The time out counter 213 and the cross point counter 211 are reset by the de-glitch circuit 215. Further, the time out counter 213 is triggered by the output of the multiplexer 217. Preferably, the time out counter 213 is an eight bit counter. The de-glitch circuit 215 resets the time out counter 213 and the cross point counter 211 after the PWRGOOD signal is asserted. The PWRGOOD signal is a power on indicator and is asserted after Vcc ramps up from 0 volts and reaches the specified voltage. The combination of the cross point counter 211, the time out counter 213, and the de-glitch circuit 215 are collectively known as a controller 219. The controller 219 serves to monitor the low swing detector 209 a for the presence of a low voltage differential clock, and if present, direct the multiplexer 217 to select the output from the CSDA 205.

Even though the circuit of the present invention is self configurable as explained above, it can be appreciated that the apparatus 201 may also use fuse options that allows either single ended only or differential only operation.

FIG. 3 shows an alternative embodiment of a dual mode clock input buffer 301. This embodiment uses a variable RC voltage divider technique. The input signals XXCLKREF and XXCLK0 are input into variable RC voltage dividers 303 a and 303 b, respectively. The output of the variable RC voltage dividers 303 a and 303 b are input to low-voltage swing detectors 305 a and 305 b, respectively. Additionally, the output of the variable RC voltage dividers 303 a and 303 b are also input into a CSDA 309.

The variable RC voltage dividers 303 a and 303 b are circuits that can be controlled to adjust their output voltage by either connecting or disconnecting resistive elements. It can be appreciated that other circuits may accomplish a similar function. As noted above with respect to FIG. 1, the node between the resistors will provide a voltage of one half of the input voltage if the resistor values are equal. If, however, the bottom resistor is removed, the voltage at the output node will be equal to the input voltage. It is this principle that is used to configure the circuit of the present invention.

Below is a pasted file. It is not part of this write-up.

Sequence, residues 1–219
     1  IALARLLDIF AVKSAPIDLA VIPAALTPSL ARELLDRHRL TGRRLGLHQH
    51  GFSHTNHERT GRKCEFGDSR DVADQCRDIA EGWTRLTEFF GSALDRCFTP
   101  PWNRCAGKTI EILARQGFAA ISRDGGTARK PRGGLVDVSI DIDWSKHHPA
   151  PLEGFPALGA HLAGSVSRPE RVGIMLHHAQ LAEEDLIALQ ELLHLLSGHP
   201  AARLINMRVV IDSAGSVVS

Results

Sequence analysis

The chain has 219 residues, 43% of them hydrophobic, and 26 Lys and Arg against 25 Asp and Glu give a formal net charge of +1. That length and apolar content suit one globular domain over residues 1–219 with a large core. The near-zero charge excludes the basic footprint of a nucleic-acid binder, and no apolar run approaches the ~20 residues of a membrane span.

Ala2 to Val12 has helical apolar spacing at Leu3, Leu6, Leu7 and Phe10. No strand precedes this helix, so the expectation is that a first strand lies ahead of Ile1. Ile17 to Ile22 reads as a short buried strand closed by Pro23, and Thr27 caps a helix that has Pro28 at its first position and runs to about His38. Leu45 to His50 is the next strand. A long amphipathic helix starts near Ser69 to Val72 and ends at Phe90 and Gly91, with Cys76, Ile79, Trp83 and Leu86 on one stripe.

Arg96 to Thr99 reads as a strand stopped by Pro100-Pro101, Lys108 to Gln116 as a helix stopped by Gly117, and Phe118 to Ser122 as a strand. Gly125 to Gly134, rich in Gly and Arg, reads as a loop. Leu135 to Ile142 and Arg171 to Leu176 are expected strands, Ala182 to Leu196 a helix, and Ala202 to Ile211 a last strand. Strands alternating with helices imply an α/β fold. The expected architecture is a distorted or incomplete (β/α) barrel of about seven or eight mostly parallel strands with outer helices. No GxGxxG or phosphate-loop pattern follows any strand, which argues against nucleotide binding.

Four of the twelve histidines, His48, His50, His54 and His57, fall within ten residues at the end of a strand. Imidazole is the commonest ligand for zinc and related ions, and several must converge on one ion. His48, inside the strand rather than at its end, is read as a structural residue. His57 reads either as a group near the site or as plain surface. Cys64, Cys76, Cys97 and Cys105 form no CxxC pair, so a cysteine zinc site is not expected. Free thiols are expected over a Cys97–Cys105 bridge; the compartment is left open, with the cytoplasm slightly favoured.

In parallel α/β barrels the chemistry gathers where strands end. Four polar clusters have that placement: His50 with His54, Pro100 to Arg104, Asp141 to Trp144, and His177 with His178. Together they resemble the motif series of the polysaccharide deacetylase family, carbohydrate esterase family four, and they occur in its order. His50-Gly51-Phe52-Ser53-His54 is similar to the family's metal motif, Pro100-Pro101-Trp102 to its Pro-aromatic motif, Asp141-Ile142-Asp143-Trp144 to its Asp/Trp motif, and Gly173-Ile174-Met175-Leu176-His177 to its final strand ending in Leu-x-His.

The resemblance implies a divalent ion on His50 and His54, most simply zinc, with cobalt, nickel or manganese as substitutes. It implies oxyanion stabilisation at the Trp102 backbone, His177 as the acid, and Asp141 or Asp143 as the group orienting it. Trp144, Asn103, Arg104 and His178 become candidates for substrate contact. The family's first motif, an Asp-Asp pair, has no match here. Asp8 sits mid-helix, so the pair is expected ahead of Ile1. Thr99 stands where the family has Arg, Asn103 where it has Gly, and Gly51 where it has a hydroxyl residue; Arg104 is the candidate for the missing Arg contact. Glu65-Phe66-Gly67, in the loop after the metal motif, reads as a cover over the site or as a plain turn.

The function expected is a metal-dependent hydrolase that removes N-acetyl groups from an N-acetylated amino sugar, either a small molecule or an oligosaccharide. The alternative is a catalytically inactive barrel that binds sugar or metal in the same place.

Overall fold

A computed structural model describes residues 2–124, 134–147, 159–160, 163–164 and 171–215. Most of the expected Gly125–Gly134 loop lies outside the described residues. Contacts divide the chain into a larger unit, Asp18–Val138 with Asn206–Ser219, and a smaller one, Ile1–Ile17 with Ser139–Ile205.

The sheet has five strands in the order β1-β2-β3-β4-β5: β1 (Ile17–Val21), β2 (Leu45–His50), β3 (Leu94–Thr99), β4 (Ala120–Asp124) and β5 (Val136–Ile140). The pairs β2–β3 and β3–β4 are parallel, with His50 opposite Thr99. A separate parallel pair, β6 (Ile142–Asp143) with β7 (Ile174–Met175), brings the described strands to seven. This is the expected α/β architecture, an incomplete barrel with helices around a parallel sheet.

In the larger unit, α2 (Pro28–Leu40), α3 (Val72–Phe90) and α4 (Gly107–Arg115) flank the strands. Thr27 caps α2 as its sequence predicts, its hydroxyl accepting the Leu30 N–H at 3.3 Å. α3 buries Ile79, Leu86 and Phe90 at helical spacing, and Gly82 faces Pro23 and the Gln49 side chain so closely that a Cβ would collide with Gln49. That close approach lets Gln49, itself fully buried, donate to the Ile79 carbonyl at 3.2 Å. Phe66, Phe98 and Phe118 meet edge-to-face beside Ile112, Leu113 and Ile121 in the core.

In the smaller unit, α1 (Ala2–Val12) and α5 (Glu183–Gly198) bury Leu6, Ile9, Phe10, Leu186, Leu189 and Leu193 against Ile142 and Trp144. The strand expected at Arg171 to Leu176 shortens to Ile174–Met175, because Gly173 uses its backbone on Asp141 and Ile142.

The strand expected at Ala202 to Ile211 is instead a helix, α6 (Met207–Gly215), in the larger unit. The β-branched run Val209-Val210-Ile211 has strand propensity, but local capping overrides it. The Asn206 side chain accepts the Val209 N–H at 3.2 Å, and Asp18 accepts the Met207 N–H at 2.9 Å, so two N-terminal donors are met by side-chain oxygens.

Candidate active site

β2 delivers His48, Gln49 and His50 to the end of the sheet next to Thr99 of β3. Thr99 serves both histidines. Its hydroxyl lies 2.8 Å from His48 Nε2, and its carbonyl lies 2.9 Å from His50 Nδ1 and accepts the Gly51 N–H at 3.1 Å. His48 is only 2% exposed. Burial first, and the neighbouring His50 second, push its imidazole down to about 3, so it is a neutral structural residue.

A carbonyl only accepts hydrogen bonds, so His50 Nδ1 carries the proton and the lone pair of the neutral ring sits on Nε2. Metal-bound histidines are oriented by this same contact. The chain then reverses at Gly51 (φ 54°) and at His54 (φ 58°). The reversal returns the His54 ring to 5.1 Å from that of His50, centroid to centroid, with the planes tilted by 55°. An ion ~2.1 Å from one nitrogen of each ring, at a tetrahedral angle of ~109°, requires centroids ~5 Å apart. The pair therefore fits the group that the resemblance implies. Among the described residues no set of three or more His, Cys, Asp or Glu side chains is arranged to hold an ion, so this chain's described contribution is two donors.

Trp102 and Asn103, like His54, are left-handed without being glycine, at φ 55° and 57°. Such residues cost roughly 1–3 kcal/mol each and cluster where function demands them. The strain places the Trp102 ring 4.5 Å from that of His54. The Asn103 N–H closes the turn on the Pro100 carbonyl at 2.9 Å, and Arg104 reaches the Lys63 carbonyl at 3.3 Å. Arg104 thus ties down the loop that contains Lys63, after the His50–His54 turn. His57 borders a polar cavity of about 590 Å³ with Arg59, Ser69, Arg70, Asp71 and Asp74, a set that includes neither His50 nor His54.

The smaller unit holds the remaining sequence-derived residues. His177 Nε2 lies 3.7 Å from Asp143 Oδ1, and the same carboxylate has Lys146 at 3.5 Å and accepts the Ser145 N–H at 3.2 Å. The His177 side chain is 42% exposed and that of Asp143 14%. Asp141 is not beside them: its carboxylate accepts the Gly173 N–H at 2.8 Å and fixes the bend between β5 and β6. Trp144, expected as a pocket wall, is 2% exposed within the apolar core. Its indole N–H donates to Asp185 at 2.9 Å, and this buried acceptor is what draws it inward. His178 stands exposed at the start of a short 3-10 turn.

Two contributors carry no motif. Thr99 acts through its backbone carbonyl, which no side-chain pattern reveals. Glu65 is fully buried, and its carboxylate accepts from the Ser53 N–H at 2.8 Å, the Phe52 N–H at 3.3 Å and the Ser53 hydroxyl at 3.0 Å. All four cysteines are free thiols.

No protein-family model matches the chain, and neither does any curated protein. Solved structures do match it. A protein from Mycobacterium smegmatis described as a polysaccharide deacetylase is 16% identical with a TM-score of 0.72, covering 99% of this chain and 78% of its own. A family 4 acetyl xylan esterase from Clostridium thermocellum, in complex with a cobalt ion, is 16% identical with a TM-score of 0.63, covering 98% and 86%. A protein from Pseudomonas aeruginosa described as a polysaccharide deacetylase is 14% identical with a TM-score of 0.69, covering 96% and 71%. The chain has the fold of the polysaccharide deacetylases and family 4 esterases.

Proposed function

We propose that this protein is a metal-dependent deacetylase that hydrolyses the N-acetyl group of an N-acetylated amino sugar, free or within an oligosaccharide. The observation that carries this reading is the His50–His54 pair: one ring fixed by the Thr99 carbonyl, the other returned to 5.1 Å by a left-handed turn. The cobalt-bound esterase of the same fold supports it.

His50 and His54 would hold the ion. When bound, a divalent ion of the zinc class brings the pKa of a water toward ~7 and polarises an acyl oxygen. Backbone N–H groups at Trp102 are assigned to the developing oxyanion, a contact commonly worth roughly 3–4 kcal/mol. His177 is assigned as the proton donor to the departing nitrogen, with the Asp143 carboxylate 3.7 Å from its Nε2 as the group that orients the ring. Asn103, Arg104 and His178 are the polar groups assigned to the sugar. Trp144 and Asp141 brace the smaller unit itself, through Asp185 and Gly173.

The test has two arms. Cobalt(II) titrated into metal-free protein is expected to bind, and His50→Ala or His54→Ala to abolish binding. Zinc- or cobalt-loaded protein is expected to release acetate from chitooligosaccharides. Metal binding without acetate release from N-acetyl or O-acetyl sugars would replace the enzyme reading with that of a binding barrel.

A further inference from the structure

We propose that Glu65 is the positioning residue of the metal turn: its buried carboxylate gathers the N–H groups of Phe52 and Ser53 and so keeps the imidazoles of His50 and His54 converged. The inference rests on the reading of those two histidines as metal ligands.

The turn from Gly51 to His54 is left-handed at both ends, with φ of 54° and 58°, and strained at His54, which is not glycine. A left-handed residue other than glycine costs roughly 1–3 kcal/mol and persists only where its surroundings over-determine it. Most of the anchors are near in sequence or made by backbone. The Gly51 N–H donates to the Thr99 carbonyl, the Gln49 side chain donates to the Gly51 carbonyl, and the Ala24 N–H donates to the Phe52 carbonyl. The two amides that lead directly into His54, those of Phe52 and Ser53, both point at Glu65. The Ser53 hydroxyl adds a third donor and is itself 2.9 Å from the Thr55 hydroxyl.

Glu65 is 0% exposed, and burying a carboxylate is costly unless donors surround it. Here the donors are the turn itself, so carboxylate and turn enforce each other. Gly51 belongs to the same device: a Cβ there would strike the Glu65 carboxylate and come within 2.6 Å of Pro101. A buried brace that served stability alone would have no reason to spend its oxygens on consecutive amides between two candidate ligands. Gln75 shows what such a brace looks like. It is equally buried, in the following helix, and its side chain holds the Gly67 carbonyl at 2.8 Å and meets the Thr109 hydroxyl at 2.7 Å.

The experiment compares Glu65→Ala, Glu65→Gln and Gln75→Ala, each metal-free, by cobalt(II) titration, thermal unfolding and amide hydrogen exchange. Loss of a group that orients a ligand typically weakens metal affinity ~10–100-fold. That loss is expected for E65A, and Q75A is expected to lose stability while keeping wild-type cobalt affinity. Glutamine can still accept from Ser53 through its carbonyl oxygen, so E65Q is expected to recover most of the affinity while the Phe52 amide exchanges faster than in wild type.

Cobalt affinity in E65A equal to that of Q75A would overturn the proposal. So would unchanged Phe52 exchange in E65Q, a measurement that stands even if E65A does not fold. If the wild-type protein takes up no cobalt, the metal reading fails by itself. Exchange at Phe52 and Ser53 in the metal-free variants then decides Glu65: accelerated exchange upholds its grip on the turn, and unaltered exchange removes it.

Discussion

The output of the low swing detector 305 a is input into the cross point counter 307. The cross-point counter 307 is a four-bit counter that is used to count the number of clocks from the low swing detector 305 a. Thus, when cross point counter 307 receives 16 full swing clock signals from low swing detector 305 a, the cross point counter 307 will output a signal to the RC voltage dividers 303 a and 303 b to disable the bottom resistors of the RC voltage dividers 303 a and 303 b.

Like the embodiment of FIG. 2, the low swing detector 305 b is primarily for load balancing purposes. Further, like the embodiment of FIG. 2, time out counter 309 is designed to stop the cross point counter 307 from inadvertently triggering differential clock mode due to noise when the input clock is in actuality a single-ended high voltage signal. In other words, it is possible that noise on the XXCLKREF signal is large enough to trigger low swing detector 305 a from time to time. If the noise triggers the low swing detector 305 b 16 times, the cross point counter 307 will incorrectly switch from single-ended to differential mode. To prevent this occurrence, the time out counter 309 disables the cross point counter 307 after it receives 256 clocks.

The de-glitch circuit 311 resets the time out counter 309 and the cross point counter 307 after a PWRGOOD signal is asserted. The PWRGOOD signal is a power on indicator and is asserted after Vcc ramps up from 0 volts and reaches the specified voltage. The combination of the cross point counter 307, the time out counter 309, and the de-glitch circuit 311 are collectively known as controller 319. The controller 319 serves to monitor the low swing detector 305 a for the presence of a low voltage differential clock, and if present, direct the RC voltage dividers 303 a and 303 b to disable a resistor.